Now, I have to admit being conflicted on this one. I'm a fairly sex-positive person myself, and I believe that there should be greater awareness about things like female orgasm and how to achieve it. However, I have to wonder just how much of this event was treated with a sideshow atmosphere, given Bailey's complaint that past speakers "had not been very interesting" and "had merely given powerpoint presentations"? I also wonder how many people in attendance really consented to witnessing something that hadn't been advertised, as opposed to going along for a myriad of other reasons - such as peer pressure or the apathy typified by a sentiment of "well, I'm here already." One junior described the demo as a "little more explicit than expected."

I guess I'm a prude, after all.

Full disclosure: I also have to admit a bias. Bailey has in the past demonstrated stunning arrogance in interviews, and as a self-proclaimed "expert" on transsexualism, claims to know better than I do who I am and what that means, even though his conclusion in no way matches reality. When someone thinks I should be their trained circus freak, it's more than a little button-pushing.

All right, Mr. DeMille, I'm ready for my close-up.

Regardless of what anyone thinks, though, Fox News has the story now. For someone with an already chequered record, will this finally be The Controversy...?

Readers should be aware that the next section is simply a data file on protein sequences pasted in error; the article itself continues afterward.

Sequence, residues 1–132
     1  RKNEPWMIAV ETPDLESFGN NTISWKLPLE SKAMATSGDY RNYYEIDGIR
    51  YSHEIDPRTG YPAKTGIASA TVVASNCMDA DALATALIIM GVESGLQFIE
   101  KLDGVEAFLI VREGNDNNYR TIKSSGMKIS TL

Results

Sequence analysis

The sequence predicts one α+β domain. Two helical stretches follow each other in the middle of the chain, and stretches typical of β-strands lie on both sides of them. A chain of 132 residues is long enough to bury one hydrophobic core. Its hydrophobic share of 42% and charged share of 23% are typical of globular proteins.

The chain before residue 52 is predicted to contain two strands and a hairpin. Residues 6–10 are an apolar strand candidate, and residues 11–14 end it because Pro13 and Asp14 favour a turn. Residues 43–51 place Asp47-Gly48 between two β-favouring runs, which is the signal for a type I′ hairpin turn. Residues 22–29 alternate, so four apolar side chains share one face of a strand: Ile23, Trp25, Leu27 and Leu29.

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Kathy Padilla | March 4, 2011 8:55 AM

I don't have any problem with a voluntary presentation for people who are adults.

I do agree that his choosing to present people to his students as weird, ho's and the message sent by putting a saw in a woman are a desperate attempt to grab some notoriety, then play the martyr when it gets the publicity he planned. He'd like to be seen as controversial - but he's really more of a a douche. The academic equivalent of Charlie Sheen.

Yeah, it really, really sounds like a publicity stunt. And he gets it a lot too - I hear something about J. Michael Bailey about once a month. That's more than most academics.

Om Kalthoum | March 4, 2011 11:42 AM

Fast forward a bit:

One of Bailey's students (or maybe just someone who has followed this story) googleover thes "fucksaw" and purchases one online. He tries it out on his willing (or not so willing) partner. The partner dies of a vaginal (or rectal) perforation with resulting sepsis. Relatives of partner sue the crap out of saw handler, Northwestern University and J. Michael Bailey.